Sean Spicer at a White House press briefing claimed Hitler did not sink to using chemical weapons
Mr Spicer made an assertion at a White House news briefing on Tuesday that even Adolf Hitler did not “sink” to using using chemical weapons, in reference to the April 4 attack in Syria that killed at least 87 people.
His comments drew immediate criticism on social media for overlooking the fact that millions of Jews were killed in Nazi gas chambers.
During the controversial press briefing Mr Spicer said: “You had someone as despicable as Hitler who didn't even sink to using chemical weapons.”
Mr Spicer later issued an apology saying his remarks were inappropriate
His comments were made despite the Nazis murdering six million Jews during the Second World War, mostly in concentration camp gas chambers.
When a reporter asked Mr Spicer if he wanted to clarify his comments, he said: "I think when you come to sarin gas, there was no, he was not using the gas on his own people the same way that Assad is doing."
But later on Tuesday, Mr Spicer issued an apology on CNN and said he should not have made that comparison.
It was inappropriate and insensitive
The White House spokesman said: "I apologise, it was a mistake to do that. It was a mistake. I shouldn't have done it and I won't do it again.
"It was inappropriate and insensitive. There's really is no explaining it at this point.
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“It's just to say that especially this week [the Jewish holiday of Passover], it was not something that was appropriate.”
Washington has blamed the chemical weapons attack on the Syrian president Bashar al-Assad’ government and President Trump launched a missile attack on one of the nations air bases, reportedly destroying 20 percent of Syria’s operational aircraft.
The Trump administration has blamed Syrian president Assad for the chemical gas attack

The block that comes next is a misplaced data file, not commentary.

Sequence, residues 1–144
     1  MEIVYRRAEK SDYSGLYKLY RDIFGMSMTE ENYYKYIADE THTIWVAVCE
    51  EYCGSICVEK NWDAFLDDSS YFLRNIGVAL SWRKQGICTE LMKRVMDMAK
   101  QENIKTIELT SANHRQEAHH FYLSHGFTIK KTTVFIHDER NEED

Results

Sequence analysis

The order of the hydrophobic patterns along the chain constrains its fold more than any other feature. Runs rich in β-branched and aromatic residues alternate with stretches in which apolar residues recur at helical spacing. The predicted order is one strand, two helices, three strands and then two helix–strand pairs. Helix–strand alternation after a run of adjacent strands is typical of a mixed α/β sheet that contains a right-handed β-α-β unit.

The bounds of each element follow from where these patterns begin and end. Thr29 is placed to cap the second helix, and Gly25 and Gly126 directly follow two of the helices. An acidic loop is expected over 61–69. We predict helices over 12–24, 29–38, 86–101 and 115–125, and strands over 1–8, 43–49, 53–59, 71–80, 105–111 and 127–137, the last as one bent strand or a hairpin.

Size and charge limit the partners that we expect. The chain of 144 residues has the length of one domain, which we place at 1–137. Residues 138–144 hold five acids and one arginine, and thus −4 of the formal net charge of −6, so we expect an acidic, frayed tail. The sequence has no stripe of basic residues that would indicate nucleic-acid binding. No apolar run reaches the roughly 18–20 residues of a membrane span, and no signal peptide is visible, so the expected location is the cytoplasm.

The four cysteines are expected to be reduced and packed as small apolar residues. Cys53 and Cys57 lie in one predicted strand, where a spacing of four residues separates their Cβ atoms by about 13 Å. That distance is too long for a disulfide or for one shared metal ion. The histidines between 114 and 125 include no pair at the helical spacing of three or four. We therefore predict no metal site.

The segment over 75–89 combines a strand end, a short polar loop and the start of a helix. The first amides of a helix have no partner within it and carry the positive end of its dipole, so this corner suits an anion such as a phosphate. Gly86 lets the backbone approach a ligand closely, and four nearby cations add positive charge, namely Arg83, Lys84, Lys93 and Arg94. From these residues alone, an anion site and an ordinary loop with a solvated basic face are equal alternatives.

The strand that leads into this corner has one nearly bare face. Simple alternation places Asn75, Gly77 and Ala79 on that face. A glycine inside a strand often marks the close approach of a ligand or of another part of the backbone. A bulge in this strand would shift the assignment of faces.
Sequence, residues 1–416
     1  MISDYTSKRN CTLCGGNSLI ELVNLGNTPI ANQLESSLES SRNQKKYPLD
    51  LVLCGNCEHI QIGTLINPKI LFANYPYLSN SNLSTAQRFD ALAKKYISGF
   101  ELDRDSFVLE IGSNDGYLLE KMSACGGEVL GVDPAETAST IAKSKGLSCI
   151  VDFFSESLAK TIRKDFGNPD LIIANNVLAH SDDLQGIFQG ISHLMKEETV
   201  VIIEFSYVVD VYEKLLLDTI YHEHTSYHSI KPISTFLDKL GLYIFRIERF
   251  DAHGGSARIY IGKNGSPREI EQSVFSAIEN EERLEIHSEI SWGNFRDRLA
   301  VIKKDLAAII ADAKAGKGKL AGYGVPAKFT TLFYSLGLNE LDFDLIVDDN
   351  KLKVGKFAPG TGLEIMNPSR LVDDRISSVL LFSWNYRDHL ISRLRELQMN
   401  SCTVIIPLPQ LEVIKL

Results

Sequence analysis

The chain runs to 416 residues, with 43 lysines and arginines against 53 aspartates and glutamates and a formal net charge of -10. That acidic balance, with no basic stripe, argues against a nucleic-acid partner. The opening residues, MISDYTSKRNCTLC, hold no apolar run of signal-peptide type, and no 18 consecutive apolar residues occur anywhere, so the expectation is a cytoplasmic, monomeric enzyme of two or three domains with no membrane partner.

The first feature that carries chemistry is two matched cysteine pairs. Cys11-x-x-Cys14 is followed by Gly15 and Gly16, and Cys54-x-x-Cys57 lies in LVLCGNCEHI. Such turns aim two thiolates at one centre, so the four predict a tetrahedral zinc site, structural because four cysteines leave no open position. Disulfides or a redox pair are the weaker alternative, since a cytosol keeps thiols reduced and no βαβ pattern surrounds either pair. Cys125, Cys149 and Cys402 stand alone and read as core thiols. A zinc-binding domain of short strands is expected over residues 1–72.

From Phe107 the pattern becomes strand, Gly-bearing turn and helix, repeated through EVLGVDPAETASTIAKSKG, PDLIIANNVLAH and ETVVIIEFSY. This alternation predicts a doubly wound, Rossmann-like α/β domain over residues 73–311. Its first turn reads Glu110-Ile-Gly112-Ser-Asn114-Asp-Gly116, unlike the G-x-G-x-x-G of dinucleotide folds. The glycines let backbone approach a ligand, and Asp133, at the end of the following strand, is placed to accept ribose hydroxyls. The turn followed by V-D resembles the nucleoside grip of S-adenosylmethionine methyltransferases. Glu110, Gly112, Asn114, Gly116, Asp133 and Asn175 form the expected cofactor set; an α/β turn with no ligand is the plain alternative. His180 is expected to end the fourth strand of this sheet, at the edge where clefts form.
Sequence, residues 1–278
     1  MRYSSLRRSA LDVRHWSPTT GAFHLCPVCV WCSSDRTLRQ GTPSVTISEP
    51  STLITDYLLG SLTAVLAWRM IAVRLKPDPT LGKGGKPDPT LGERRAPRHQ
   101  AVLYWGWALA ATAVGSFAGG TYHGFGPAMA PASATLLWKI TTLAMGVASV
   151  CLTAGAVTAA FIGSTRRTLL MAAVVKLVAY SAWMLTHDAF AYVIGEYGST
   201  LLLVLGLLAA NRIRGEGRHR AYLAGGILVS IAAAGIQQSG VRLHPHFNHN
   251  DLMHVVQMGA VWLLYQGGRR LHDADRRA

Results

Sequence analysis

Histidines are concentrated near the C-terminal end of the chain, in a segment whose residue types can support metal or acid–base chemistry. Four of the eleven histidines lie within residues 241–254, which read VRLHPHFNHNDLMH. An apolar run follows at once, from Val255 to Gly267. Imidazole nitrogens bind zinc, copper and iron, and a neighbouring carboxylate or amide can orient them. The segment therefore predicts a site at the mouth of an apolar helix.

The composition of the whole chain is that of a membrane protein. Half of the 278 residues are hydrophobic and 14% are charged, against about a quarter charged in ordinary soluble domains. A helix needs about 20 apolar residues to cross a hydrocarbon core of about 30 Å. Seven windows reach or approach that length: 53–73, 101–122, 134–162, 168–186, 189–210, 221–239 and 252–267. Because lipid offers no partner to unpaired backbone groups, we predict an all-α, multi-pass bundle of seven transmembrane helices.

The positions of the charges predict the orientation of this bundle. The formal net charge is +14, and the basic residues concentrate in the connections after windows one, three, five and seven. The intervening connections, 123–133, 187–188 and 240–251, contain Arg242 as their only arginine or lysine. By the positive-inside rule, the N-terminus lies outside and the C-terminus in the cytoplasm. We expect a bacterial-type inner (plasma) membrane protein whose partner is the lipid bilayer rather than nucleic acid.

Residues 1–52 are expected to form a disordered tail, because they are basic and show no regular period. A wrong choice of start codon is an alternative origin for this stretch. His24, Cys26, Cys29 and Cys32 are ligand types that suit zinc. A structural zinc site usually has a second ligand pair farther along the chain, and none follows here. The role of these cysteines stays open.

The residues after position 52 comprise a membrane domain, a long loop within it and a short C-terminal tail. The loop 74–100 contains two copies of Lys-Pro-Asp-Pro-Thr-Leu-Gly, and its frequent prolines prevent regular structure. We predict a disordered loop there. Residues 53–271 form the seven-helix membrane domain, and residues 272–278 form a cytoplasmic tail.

Shocking photographs depict the horrors of the Holocaust
Fri, January 27, 2017
Holocaust Memorial Day 2017 marks the liberation of Auschwitz and remembers the Jewish people killed in World War II, as well as the victims and survivors of other genocides.
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The infamous German inscription reads 'Work Makes Free' at the main gate of the Auschwitz I extermination camp.
Steven Goldstein, executive director of the Anne Frank Centre for Mutual Respect, has called for President Donald Trump to sack the White House spokesman over the remarks.
He said: ”Sean Spicer now lacks the integrity to serve as White House press secretary, and President Trump must fire him at once.”
His sentiment was also backed by US House Democratic leader Nancy Pelosi.
She said: ”Sean Spicer must be fired, and the President must immediately disavow his spokesman's statements.”
The White House did not immediately respond when asked to comment on Pelosi's statement
The Anne Frank Centre has called for Sean Spicer to be fired as White House press secretary
The US Holocaust Museum, while not mentioning Mr Spicer's comments directly, sent out a tweet shortly after the briefing which showed graphic footage of dead bodies discovered by US forces when liberating the Nazi’s Buchenwald concentration camp after the war.
The video was retweeted more than a thousand times, with many Twitter users referencing Mr Spicer's comments.
Shortly after the controversial White House briefing, Spicer had emailed a further statement, which said: "In no way was I trying to lessen the horrendous nature of the Holocaust.
“I was trying to draw a distinction of the tactic of using airplanes to drop chemical weapons on population centres. Any attack on innocent people is reprehensible and inexcusable.”
Horrific images depict sickening chemical gas attack in Syria
Tue, April 4, 2017
At least 58 people, including nine children, were killed in an air raid that released "toxic gas" on the rebel-held Syrian town of Khan Sheikhoun
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A child receiving treatment at a field hospital after an alleged chemical attack in Idlib, northen Syria
This is not the first time the White House has been criticised for statements over the Holocaust.
The Trump administration’s statement marking International Holocaust Remembrance Day in January was received with disapproval after it omitted mentioning of the millions of Jewish victims.
At the time, Mr Spicer defended the statement by saying it had been written in part by a Jewish staff member whose family members had survived the Holocaust.
Last month Mr Spicer also had to issued an apology to GCHQ after he accused the British intelligence agency of wiretapping Mr Trump at the alleged request of former President Barack Obama.